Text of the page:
Carbon pricing has been hailed as the best way to bring down emissions and drive investment in cleaner technologies. New research suggests it could do just the opposite.
Over the past decade the world’s capacity for renewable (green) energy has outpaced expectations as a significant source of global energy. Wind and solar capacity has grown 10-fold, while solar PV capacity is 50 times what it was in the early 2000s. The benefits are obvious; renewable energy brings with it energy security and diversity, it reduces local air and water pollution and provides accessible, affordable energy to communities who previously could not afford it or lived off-grid.
Despite these advantages renewable technology has high investment costs and yields an intermittent supply of electricity. Among the many government strategies introduced to overcome these obstacles – renewable portfolio standards, minimum prices for “clean” energy and penalties for environmental damage caused by fossil fuel generation – the most significant has been the adoption of carbon pricing, aimed at incentivising clean energy investment and innovation.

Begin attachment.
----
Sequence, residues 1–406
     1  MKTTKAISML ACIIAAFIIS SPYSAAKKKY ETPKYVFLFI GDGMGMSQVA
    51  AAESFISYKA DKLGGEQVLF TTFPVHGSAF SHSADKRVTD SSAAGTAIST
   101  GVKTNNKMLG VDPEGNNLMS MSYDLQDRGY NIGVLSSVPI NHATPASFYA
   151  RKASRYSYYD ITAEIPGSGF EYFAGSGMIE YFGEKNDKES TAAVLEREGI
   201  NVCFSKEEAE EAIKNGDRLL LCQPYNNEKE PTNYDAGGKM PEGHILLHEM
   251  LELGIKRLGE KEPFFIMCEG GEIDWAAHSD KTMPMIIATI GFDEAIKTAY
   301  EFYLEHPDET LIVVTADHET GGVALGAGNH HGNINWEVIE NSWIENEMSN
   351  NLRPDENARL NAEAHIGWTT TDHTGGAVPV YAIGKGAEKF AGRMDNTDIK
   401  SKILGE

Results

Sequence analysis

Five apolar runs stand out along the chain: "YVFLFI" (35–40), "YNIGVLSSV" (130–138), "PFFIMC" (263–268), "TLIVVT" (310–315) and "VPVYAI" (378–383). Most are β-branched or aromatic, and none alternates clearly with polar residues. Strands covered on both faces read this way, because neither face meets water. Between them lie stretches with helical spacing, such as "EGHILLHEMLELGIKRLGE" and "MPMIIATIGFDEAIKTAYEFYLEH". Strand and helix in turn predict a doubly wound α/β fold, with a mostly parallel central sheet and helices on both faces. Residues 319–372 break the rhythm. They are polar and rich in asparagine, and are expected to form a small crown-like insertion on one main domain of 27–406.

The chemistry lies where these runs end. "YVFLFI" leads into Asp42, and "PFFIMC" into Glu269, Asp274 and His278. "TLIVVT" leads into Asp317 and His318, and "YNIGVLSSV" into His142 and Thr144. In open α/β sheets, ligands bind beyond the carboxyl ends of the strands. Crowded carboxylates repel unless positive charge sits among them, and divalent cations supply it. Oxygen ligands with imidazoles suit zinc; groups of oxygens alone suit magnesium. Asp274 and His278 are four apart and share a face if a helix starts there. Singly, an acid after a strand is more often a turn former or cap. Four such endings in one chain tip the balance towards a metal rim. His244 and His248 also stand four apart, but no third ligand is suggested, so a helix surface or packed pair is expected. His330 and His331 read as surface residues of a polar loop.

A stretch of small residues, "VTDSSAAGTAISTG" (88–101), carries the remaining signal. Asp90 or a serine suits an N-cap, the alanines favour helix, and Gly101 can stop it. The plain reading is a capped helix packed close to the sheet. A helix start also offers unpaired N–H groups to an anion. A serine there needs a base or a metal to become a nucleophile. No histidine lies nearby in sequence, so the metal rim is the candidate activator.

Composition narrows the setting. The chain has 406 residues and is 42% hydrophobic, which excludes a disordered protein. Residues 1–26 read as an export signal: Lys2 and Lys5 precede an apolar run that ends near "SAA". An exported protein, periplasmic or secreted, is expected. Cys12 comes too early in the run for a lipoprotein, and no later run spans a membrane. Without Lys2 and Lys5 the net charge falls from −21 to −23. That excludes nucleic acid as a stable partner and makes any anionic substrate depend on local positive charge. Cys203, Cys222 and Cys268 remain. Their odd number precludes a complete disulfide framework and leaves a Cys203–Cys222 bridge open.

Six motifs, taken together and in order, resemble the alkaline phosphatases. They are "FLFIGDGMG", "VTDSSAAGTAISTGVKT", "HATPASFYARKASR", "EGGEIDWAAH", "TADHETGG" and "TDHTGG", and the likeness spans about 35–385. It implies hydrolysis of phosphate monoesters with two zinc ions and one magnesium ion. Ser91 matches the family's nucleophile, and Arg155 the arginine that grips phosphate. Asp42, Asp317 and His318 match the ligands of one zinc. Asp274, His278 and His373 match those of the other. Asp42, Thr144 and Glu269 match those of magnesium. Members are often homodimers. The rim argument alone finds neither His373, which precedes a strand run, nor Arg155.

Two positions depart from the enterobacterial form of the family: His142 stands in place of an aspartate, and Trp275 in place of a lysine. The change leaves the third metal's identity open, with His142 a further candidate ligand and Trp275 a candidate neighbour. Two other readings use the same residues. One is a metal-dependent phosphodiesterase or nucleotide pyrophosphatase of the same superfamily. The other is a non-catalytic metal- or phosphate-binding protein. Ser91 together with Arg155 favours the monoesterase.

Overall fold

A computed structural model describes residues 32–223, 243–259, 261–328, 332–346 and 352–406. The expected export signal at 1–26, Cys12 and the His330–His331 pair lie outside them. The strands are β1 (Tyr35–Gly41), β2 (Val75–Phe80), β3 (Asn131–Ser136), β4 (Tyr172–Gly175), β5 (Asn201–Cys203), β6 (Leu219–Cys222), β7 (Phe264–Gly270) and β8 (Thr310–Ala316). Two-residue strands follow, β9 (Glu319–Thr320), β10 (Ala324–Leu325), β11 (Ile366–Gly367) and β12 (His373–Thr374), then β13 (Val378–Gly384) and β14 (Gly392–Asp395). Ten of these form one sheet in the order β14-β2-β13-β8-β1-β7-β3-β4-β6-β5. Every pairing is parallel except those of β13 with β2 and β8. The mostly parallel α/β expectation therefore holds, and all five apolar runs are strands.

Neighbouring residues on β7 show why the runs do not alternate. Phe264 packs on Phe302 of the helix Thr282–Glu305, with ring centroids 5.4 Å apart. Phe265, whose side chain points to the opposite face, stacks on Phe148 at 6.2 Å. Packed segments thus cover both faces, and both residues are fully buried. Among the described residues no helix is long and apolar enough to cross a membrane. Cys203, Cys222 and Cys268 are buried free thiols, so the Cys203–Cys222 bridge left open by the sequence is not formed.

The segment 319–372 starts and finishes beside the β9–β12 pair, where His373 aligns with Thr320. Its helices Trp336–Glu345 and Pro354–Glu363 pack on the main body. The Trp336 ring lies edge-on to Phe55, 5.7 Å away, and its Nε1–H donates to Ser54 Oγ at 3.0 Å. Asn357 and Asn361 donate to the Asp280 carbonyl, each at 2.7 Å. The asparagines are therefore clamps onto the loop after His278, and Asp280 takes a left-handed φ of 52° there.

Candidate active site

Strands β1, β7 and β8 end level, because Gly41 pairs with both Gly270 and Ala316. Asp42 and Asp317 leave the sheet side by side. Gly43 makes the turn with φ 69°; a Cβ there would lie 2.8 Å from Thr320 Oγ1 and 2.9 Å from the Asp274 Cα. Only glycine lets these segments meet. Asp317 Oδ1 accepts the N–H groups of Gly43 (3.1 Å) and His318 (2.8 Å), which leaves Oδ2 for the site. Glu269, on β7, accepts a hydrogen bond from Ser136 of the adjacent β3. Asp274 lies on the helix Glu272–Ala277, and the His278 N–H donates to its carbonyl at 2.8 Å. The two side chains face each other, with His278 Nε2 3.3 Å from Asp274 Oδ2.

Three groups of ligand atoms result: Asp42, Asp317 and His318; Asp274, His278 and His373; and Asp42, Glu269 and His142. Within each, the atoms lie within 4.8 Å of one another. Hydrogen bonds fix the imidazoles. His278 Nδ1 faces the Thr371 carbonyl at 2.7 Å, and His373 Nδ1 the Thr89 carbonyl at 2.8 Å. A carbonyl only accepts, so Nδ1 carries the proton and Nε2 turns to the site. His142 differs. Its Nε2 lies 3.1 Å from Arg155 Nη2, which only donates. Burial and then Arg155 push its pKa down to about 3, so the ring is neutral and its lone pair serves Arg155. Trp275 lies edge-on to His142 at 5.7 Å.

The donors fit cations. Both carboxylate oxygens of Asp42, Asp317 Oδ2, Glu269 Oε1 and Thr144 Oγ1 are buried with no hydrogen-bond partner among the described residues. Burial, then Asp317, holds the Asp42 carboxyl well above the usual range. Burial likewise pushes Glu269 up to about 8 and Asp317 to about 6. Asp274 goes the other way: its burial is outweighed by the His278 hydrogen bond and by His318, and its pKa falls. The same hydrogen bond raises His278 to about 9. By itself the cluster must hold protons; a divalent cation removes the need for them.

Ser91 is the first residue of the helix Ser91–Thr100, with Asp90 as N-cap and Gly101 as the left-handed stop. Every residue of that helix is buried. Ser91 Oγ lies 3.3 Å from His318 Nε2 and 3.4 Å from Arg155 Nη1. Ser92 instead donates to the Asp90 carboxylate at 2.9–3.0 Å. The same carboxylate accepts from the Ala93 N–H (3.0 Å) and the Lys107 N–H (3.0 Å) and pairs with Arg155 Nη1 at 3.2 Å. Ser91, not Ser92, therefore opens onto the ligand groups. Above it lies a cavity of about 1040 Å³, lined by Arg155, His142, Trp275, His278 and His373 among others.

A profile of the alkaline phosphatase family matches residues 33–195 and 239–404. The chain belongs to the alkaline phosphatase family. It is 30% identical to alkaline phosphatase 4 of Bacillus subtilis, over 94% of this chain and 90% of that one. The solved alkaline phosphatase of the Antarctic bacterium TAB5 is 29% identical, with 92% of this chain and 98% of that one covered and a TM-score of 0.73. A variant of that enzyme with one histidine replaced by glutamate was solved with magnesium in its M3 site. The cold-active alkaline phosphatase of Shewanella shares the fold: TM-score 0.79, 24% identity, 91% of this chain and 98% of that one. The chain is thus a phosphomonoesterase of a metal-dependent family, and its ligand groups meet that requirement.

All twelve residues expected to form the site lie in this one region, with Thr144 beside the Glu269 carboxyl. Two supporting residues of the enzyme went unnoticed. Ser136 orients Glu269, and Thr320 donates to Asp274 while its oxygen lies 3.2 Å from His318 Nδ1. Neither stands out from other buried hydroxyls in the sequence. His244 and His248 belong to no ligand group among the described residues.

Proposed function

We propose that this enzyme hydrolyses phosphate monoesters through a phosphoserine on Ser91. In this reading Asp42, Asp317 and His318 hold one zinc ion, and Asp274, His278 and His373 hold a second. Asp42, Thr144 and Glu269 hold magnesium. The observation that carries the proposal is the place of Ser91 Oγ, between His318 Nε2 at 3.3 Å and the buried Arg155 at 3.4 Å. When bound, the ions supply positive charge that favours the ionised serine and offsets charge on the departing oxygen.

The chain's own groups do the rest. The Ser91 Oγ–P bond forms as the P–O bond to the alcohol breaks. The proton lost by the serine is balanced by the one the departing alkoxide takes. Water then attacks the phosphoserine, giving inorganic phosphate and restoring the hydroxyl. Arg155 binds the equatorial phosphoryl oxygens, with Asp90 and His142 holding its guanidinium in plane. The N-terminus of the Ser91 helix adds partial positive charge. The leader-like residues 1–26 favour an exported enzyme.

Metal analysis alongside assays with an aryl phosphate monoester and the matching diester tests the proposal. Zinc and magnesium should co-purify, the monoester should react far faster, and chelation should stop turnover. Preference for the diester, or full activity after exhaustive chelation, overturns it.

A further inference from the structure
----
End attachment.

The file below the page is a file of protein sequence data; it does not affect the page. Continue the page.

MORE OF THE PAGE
While placing a price on carbon enhances the competitive position of renewable energy technologies, new research has highlighted a downside, and found that high carbon prices may actually decrease the share of renewable capacity in the overall generation portfolio, creating a more competitive environment for fossil fuel generators; a situation exacerbated by the liberalisation of the electricity market.
The problem stems from the intermittency of renewable energy sources. Despite rapid technological advancement in the industry, scientists are yet to come up with a way to ensure the wind is always blowing and the sun continues to shine. To safeguard an uninterrupted supply of power to the electricity grid, renewable energy requires backup from traditional, “dirty” electricity sources - usually gas or coal fired.
In the past electric utilities were vertically integrated, which placed some degree of control over the coordinating of green versus non green capacities. Freeing up the market has changed the dynamics.